Saturday, April 25, 2015

Shakeshaft Goes Hollywood!

Jack, circa 1953.
Thanks to Claw Carver--just hired on as the casting director of "Shakeshaft: the Series"--for pointing out the striking similarity in appearance between Saltmarsh's shadiest character and the young Jack Palance, see below.  The intense stare, pronounced brow, and peaked hairline; it's really uncanny isn't it?  The producer of the upcoming tv series is in discussions to secure 1950's J. P.  for the part.  This could be a real gold mine.





Ned, circa 1981.

Thursday, April 23, 2015

Ned Shakeshaft: Sinister Assassin of Saltmarsh

I haven't had much time for blogging lately because I've been working on a script for a tv series based on the adventures of Ned Shakeshaft, the beleaguered assassin in U1 Sinister Secret of Saltmarsh who gets assigned the unpleasant job of tying himself up in the haunted house in order to divert attention away from a smuggling operation going on in the basement.  A method actor to the core, Ned took the added step of stripping down to his skivvies and having some cronies beat him up before leaving him to his role.   
Insert BDSM jokes here.

Now, if you were a respected professional, would you volunteer for this gig?  Not a friggin' chance.  Not only is the scope of the operation well beneath you, but you gotta' know that there's not a lot of money in it either.  So what's Ned's motivation?

First off, he's clearly not a Respected Professional.  Likely he's got a long rap sheet of botched hits and failed enterprises--like his laughable attempt at fixing bouts on the Ulek gnome-wrestling circuit, or that time he got arrested for "attempted pimping" in Gradsul.  Whatta' Schmuck.

But still, how did he find himself hogtied and stashed like a sack of hirsute potatoes in a decrepit house waiting for a band of well-armed, sociopathic adventurers--who, it should be noted, gain XPs for killing people--to come along and free him from his bonds?  Fortunately for you I've uncovered the answer.  You see, old Ned's got gambling debts out the yang and The Receiver--the prominent Saltmarsh merchant with ties to the Smugglers Under the House--has purchased them at pennies on the dollar because, hey, you never know when your gonna' need a disposable assassin for exactly this kind of work.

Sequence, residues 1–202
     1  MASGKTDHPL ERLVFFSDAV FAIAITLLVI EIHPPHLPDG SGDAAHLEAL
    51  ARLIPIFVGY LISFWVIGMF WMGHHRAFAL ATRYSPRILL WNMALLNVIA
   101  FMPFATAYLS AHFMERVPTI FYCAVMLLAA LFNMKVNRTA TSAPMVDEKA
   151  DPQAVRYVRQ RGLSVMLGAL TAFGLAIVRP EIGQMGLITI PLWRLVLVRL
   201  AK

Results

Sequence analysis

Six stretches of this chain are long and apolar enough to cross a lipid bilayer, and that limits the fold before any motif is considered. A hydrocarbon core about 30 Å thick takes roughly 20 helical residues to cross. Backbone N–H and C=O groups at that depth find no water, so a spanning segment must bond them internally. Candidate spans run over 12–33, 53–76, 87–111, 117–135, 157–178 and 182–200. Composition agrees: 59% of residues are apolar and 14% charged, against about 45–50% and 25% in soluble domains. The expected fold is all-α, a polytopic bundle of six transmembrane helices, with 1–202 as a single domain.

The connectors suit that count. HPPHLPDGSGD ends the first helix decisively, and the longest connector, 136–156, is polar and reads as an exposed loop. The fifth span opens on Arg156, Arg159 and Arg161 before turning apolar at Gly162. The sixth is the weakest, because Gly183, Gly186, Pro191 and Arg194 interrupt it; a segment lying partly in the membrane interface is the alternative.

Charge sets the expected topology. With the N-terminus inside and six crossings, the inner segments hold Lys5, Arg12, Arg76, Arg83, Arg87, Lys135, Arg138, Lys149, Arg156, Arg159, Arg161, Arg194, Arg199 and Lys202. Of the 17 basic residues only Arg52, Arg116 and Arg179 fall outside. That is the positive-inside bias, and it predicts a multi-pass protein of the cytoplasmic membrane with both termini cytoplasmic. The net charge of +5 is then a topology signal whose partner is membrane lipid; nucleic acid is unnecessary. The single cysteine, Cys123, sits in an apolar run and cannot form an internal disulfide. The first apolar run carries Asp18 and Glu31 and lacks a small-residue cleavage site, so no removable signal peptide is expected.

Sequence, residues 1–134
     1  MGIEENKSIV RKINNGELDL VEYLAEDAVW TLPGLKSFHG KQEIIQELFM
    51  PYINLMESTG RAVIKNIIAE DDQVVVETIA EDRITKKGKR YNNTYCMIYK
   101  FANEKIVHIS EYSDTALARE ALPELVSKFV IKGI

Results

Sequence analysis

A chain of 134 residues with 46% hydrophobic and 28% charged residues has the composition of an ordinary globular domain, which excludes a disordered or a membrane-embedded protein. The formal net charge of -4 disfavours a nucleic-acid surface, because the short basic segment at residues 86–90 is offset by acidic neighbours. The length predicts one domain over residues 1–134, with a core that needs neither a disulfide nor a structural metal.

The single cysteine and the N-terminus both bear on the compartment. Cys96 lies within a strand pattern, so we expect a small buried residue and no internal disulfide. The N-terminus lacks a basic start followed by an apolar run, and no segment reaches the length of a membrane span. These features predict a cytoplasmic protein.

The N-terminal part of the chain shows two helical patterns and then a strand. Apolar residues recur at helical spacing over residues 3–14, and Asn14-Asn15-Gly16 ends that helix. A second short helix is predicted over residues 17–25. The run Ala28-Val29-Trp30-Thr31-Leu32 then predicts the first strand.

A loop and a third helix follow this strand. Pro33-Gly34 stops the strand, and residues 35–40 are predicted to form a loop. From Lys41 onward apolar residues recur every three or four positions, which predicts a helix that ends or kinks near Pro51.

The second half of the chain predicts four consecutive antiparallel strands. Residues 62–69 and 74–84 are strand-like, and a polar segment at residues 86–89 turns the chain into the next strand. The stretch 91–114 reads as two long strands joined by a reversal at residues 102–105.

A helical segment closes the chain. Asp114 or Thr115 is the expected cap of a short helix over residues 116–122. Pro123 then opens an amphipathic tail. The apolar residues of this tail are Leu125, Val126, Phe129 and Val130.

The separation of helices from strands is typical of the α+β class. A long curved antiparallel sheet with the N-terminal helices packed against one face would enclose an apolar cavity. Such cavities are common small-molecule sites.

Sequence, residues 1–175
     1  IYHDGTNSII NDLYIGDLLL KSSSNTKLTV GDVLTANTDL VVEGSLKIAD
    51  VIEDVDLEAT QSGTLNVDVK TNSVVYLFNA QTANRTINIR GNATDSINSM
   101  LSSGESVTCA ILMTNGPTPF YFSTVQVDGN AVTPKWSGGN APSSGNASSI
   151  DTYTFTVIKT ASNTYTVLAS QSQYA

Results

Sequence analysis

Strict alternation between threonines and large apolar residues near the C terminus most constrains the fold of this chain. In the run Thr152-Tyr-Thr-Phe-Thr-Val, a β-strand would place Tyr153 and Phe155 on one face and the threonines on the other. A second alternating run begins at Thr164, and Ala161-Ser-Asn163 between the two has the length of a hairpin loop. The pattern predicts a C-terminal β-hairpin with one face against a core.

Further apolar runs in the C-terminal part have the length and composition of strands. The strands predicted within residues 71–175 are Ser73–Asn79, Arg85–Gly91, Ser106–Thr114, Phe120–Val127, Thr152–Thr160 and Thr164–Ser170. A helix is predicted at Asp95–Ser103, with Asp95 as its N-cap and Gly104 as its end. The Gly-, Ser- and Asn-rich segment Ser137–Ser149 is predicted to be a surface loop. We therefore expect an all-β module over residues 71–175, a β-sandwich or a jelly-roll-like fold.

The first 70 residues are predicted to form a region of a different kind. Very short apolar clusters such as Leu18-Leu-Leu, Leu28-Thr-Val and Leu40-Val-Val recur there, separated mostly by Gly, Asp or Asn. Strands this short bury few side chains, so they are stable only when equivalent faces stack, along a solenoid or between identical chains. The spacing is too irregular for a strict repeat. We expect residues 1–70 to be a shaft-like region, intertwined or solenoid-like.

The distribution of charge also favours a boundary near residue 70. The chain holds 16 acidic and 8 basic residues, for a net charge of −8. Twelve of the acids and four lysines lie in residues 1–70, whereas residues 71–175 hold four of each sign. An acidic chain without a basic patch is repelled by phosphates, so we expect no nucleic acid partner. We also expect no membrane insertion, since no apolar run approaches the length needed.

The Receiver has decided to give Ned one last chance to make good on his debts so he sends him to the haunted house to wait for the meddling party of adventurers.  But do we really think that he wants Ned to stop the party from finding the smugglers?  Heck no, compadres; this is where the module-writers grossly underestimate the ruthlessness of The Receiver.  As mentioned in the module, Ned's presence will make it obvious to even the least observant party that there is something decidedly non-paranormal going on in the haunted house.  This is entirely by design because, as you'll remember, The Receiver has as yet failed to find the Smugglers den--which clearly indicates that he's been looking for it.  And it's also clear that the Smugglers aren't being too forthcoming with their location, which makes good business sense when you deal in illegal contraband.  So what does The Receiver want with the Smugglers?  I'll tell you: he's not interested in protecting the Smugglers Under the House at all: he wants to take over their operation.  That's right, the Party has stumbled into a gangster turf war. 

So The Receiver sends Shakeshaft* not to stymie the Party but to assist them in finding the Smugglers hideout and, indeed, to encourage them to keep looking should they consider leaving without finding it.   As soon as the Party finds the secret lair of the Smugglers, Ned is to slip away and alert the gang of toughs that are hiding out in the woods across the way.  These goons will then descend on the hideout and pound any survivors--on either side of the conflict--into submission.  Ned also knows full well that those same thugs have been tasked with doing the same to him should he fail in his mission. There, my friends, lies his motivation.

* This has got to be an alias, right?  I suspect that "Ned Shakeshaft" is the UK equivalent of "Jack Meoff."